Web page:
We need more fireworks killjoys
By Lee Cataluna
Every year we go through the same cycle of holiday stories. In November, there's the "Numbers are up during tough times" story about the free Thanksgiving meals. No matter the economic circumstances, numbers are always up. Sadly it is never "Free Thanksgiving luncheon empty as community prospers."
Then comes the "Christmas tree with bad animal" story. Sometimes it's a mite or a bee. One year it was a snake. Every year somebody finds something. It wouldn't be Christmas in Hawai'i without a stowaway.
Next comes the "holiday shoppers crowding the malls but retailers still worried" story. The day after Christmas, it's the "shoppers crowding the malls the day after Christmas to hit the sales" story. Then comes the number of permits for fireworks story, followed by the accounting of sashimi prices for New Year's.
Which leads us to right where we find ourselves this week: The "Something has to be done about illegal fireworks" story.
Which will be a story every January until the end of time, not just in the media but around dinner tables and at neighborhood get-togethers. Because something really does have to be done about the illegal fireworks, but nothing ever will.
Witness poor state Rep. Mark Takai, who has tried six times to introduce a bill to ban fireworks except for public and cultural displays. None of his colleagues wants to be called a killjoy, especially in an election year.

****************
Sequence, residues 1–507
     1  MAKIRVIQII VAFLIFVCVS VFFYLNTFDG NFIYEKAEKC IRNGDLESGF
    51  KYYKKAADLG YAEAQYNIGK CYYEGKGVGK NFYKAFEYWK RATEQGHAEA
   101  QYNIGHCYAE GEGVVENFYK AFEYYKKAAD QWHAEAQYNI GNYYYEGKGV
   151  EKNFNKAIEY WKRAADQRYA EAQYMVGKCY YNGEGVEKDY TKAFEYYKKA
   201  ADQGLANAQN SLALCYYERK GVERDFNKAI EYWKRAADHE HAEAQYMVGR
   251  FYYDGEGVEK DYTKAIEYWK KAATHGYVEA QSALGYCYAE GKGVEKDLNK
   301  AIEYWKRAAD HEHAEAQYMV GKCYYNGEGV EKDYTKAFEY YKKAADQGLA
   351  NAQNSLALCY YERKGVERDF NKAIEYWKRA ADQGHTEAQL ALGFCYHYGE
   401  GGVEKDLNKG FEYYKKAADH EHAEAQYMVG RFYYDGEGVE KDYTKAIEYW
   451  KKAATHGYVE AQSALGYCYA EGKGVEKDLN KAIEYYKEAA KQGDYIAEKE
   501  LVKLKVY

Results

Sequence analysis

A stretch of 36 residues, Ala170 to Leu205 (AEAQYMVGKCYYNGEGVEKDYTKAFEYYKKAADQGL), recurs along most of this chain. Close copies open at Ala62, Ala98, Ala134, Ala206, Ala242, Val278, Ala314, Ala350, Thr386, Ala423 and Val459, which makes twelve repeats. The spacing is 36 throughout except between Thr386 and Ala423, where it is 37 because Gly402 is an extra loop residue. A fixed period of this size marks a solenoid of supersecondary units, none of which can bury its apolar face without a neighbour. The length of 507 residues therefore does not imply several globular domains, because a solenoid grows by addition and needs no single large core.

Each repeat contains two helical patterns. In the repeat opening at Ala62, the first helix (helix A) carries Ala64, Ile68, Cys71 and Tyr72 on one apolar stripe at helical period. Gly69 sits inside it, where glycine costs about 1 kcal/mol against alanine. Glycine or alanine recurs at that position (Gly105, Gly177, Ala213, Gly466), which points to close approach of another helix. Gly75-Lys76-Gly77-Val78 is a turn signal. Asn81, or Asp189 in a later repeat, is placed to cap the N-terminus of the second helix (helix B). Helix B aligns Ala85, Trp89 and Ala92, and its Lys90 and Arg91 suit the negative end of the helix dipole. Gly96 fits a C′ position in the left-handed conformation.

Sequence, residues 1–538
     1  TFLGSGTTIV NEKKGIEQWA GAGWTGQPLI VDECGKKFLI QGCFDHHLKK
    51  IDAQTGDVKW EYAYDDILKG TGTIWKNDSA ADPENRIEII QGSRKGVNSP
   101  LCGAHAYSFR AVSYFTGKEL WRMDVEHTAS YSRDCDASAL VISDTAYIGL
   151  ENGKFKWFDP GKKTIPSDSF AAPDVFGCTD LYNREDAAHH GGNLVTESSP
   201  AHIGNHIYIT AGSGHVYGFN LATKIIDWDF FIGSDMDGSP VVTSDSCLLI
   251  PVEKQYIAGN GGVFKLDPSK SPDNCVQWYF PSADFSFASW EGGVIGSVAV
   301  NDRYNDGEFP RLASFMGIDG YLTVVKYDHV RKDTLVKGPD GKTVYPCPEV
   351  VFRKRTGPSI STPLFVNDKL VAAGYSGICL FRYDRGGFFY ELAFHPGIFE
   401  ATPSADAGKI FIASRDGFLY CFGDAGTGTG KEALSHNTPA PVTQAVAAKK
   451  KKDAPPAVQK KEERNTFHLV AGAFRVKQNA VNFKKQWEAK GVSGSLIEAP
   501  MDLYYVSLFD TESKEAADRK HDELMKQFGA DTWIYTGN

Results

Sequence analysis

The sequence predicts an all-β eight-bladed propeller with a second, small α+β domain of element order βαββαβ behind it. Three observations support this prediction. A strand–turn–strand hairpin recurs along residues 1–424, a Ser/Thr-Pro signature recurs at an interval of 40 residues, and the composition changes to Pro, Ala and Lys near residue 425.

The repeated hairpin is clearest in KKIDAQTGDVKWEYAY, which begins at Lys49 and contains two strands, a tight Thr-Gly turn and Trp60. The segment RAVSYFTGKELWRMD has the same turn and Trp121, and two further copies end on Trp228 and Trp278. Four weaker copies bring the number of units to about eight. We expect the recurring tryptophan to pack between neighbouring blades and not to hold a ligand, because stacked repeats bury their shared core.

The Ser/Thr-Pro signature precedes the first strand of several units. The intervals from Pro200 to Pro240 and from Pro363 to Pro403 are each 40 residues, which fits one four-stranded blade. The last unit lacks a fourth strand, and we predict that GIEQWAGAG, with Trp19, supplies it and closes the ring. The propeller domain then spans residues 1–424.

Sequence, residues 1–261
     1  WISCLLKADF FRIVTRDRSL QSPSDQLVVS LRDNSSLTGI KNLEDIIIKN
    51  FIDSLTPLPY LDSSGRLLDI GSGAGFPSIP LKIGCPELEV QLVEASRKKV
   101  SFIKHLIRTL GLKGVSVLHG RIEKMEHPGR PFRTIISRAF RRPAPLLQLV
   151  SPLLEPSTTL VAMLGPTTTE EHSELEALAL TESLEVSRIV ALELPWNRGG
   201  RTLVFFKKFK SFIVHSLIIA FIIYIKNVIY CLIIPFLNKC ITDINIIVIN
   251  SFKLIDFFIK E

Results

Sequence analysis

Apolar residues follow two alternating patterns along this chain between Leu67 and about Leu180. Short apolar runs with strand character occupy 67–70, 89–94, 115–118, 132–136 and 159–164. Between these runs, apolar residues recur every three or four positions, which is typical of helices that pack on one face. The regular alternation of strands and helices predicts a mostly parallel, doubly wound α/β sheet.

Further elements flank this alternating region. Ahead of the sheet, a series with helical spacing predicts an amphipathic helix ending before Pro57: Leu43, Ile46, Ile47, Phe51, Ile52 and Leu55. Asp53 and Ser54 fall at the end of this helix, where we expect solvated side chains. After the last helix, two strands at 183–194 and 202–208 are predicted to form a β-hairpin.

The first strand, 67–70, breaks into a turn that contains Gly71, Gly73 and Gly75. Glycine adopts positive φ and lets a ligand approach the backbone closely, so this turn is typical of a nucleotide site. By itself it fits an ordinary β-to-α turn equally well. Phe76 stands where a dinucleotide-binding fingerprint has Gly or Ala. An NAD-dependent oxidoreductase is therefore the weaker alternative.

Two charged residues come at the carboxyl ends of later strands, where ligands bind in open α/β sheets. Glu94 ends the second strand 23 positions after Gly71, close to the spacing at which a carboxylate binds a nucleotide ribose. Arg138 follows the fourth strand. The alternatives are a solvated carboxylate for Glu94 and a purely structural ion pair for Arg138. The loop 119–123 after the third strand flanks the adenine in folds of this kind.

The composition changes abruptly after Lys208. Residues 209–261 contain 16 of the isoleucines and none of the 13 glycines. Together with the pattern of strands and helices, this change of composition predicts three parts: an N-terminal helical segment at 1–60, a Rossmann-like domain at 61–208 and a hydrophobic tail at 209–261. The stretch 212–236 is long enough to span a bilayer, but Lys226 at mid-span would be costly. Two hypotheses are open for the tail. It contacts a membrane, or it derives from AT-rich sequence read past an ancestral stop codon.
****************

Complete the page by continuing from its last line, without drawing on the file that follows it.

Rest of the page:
This year, the legal but vexatious fireworks were completely overshadowed by brazen, incredibly dangerous professional-grade pyrotechnics going off in neighborhoods around O'ahu. You would think that in a recession, nobody would have money to burn, but lots of folks were burning it like mad. And not just on New Year's Eve, but every night from the end of October until now.
We don't need a new law to ban those already illegal aerials.
This year, police issued citations and made one arrest, which is a start in the right direction, but there were more than a couple of people setting off massive sky rockets. No suppliers were arrested, and citations aren't much of a deterrent.
Until there is a major fire that does heartbreaking damage, nothing will get done. You get the sense that public ire is up, but so is use of crazy illegal fireworks. Overall, there isn't the public will to change. Remember the 81-year-old woman killed in Pālolo when neighborhood fireworks ignited her house? That was New Year's 2000, and it has gotten exponentially more volatile since then. Yet people will vehemently (if anonymously) fight for their right to blow their hands off and set the community on fire to ring in a New Year.